The Odra river is the lifeblood and backbone of Wrocław. The river stretches from the Baltic sea and snakes past the borders of Germany and Poland through Wrocław. On the banks of the Odra there are countless beautiful bridges, islands, parks, streets, municipal buildings. As the sun set during one of the longest days of summer, all of the riverside glistened like an ancient amulet.
The city of Wrocław, forth largest in Poland, was the setting for centuries of political, social and cultural upheaval. With seasons of growth, destruction and now growth again.
Happily for us on our visit, Wrocław is now a flourishing epicentre for art and culture in Europe. This year the city was named as the 2016 European Capital of Culture.
Each weekend, the banks of the River Odra is oscillating and shimmering with antics of all kinds. I got to witness one of the most dramatic manifestations of this celebratory year, a mind-blowing spectacle that was a whole year in the making.
“Flow”: The creation, destruction and reconstruction of Wrocław/Breslau told through light and classical music.
On Saturday the 12th of June, 2016 myself, the Polish Bear (and his sister) saw a blend of synchronised light, pyrotechnical, orchestral and maritime performance. This told the dramatic history of the city in all of its intense peaks and troughs.
Flow was an achievement of mammoth proportions. It involved 12 months of development and deployment. Hundreds of professional staff and artists brought it all together on the night.
Tens of thousands of people either stood on banks or perched on the beams of the low bridges to gain a better outlook.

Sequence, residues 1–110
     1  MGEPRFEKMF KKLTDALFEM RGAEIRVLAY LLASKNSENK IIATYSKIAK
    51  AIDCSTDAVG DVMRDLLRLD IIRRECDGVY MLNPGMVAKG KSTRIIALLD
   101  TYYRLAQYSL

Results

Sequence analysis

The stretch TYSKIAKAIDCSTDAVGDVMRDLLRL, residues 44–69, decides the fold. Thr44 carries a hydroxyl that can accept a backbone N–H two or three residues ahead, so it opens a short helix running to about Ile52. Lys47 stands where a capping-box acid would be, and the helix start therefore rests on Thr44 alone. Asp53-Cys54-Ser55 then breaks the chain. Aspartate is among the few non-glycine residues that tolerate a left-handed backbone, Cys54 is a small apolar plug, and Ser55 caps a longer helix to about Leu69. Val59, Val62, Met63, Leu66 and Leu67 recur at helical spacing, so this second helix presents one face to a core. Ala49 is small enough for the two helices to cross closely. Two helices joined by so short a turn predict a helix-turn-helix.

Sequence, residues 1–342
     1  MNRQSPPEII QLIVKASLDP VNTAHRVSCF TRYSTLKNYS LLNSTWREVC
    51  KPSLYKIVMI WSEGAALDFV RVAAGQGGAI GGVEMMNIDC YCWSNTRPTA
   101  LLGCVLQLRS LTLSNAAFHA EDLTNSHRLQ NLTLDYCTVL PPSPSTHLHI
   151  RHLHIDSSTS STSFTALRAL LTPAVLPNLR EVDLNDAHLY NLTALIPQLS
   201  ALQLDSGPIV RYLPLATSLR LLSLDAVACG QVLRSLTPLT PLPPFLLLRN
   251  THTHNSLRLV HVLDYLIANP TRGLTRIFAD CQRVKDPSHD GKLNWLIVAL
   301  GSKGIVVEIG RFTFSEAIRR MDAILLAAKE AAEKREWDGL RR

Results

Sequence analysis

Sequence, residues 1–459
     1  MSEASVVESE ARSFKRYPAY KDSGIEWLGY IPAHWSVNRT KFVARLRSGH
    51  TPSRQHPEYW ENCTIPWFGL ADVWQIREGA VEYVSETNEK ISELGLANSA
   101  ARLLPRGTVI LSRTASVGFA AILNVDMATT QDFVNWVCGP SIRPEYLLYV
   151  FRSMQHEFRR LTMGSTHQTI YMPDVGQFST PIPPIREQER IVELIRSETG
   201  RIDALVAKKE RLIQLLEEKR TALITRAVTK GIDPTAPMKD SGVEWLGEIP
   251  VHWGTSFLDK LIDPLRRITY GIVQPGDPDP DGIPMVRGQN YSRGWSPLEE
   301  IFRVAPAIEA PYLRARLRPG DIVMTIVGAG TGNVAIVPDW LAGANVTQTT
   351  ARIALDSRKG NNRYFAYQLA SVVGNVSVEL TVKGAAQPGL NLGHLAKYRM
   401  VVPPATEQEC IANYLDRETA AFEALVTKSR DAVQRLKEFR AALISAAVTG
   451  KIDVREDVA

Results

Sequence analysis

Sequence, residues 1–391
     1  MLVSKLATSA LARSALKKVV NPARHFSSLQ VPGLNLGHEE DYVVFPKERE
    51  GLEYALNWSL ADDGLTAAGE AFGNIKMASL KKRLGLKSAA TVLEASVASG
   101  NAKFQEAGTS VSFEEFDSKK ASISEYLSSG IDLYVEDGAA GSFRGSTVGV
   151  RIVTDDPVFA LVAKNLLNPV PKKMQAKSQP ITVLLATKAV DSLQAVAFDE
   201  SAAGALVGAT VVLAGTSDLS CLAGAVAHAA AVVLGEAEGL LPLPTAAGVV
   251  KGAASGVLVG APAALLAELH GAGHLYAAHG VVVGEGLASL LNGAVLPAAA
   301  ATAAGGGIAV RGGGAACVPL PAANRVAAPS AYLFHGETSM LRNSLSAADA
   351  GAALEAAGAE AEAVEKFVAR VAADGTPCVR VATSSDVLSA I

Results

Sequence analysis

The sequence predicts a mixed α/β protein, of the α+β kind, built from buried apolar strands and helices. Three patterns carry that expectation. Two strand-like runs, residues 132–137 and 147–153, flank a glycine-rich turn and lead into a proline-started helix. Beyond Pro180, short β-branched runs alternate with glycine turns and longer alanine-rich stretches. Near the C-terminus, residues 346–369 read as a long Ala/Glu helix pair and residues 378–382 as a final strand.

The dramaturgical impetus was written by Chris Baldwin (director) and supported by Alan Urbanek (musical director). The performance involved young and remarkable composers who from the diaspora of people who originally came from the city.
Composer Pawel Romanchuk (Poland) worked along with Amir Shlip (Germany) Udi Perlman (Israel), Jiří Kabát (Czech Republic) and Adam Porębski (Wroclaw, Poland) on each of the four movements.
Each movement told the complex and dramatic part of the history of the city, from the eyes and ears of a particular composer. Each movement was accompanied by video, light and laser projections onto buildings in the heart of the city.
You can watch the whole performance here. I watched it on a large projected screen but then battled my way through the crowds to get to the banks of the river, in order to see the dramatic conclusion with my own eyes.
It was just as incredible and mind-blowing as it looks from the video. It was certainly one of the most spectacular parts of our adventure in Poland.
The Polish Bear was astonished at how much his country has come along since they joined the EU a decade or so ago. He hasn’t spent much time there until now, so he was pleasantly surprised. Wrocław is one of the most beautiful cities in Poland and it’s culture and economy is booming as well. Both of us were so impressed by it, we are tossing up whether or not to move there. Here it is on a Monday night, not so busy but still as pretty. Hope you enjoy the performance, let me know your thoughts.